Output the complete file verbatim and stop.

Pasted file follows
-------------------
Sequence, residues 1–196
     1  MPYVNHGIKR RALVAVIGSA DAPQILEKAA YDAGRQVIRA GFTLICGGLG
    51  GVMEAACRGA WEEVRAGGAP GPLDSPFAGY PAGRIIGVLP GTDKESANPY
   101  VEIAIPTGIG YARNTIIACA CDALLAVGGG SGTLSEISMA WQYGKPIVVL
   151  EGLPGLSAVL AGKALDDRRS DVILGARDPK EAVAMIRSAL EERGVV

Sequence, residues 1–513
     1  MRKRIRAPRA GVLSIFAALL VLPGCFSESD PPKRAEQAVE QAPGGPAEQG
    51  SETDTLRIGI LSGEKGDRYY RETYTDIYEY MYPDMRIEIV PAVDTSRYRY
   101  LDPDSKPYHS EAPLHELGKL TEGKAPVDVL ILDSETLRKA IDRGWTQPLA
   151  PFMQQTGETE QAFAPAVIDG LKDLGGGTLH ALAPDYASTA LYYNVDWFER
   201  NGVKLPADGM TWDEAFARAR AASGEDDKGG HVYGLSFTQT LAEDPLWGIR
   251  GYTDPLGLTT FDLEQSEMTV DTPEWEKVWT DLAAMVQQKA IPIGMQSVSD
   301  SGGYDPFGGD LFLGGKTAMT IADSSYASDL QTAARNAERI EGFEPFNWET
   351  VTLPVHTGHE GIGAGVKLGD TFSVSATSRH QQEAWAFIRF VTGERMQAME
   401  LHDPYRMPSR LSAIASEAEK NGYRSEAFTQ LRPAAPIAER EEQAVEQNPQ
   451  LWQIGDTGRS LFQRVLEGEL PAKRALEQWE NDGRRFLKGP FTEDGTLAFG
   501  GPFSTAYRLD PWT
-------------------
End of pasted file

Sequence, residues 1–196
     1  MPYVNHGIKR RALVAVIGSA DAPQILEKAA YDAGRQVIRA GFTLICGGLG
    51  GVMEAACRGA WEEVRAGGAP GPLDSPFAGY PAGRIIGVLP GTDKESANPY
   101  VEIAIPTGIG YARNTIIACA CDALLAVGGG SGTLSEISMA WQYGKPIVVL
   151  EGLPGLSAVL AGKALDDRRS DVILGARDPK EAVAMIRSAL EERGVV

Sequence, residues 1–513
     1  MRKRIRAPRA GVLSIFAALL VLPGCFSESD PPKRAEQAVE QAPGGPAEQG
    51  SETDTLRIGI LSGEKGDRYY RETYTDIYEY MYPDMRIEIV PAVDTSRYRY
   101  LDPDSKPYHS EAPLHELGKL TEGKAPVDVL ILDSETLRKA IDRGWTQPLA
   151  PFMQQTGETE QAFAPAVIDG LKDLGGGTLH ALAPDYASTA LYYNVDWFER
   201  NGVKLPADGM TWDEAFARAR AASGEDDKGG HVYGLSFTQT LAEDPLWGIR
   251  GYTDPLGLTT FDLEQSEMTV DTPEWEKVWT DLAAMVQQKA IPIGMQSVSD
   301  SGGYDPFGGD LFLGGKTAMT IADSSYASDL QTAARNAERI EGFEPFNWET
   351  VTLPVHTGHE GIGAGVKLGD TFSVSATSRH QQEAWAFIRF VTGERMQAME
   401  LHDPYRMPSR LSAIASEAEK NGYRSEAFTQ LRPAAPIAER EEQAVEQNPQ
   451  LWQIGDTGRS LFQRVLEGEL PAKRALEQWE NDGRRFLKGP FTEDGTLAFG
   501  GPFSTAYRLD PWT